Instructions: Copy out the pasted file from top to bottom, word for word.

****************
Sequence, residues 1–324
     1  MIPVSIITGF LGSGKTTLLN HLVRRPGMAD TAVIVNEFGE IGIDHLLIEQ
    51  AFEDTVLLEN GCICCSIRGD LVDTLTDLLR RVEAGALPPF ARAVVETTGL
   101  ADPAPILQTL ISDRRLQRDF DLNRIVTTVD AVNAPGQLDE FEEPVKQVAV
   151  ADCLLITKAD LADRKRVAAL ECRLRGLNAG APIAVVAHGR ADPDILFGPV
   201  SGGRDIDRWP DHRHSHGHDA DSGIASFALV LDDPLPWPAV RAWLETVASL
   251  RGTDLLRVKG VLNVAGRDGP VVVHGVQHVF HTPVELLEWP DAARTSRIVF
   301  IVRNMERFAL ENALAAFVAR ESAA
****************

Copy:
Sequence, residues 1–324
     1  MIPVSIITGF LGSGKTTLLN HLVRRPGMAD TAVIVNEFGE IGIDHLLIEQ
    51  AFEDTVLLEN GCICCSIRGD LVDTLTDLLR RVEAGALPPF ARAVVETTGL
   101  ADPAPILQTL ISDRRLQRDF DLNRIVTTVD AVNAPGQLDE FEEPVKQVAV
   151  ADCLLITKAD LADRKRVAAL ECRLRGLNAG APIAVVAHGR ADPDILFGPV
   201  SGGRDIDRWP DHRHSHGHDA DSGIASFALV LDDPLPWPAV RAWLETVASL
   251  RGTDLLRVKG VLNVAGRDGP VVVHGVQHVF HTPVELLEWP DAARTSRIVF
   301  IVRNMERFAL ENALAAFVAR ESAA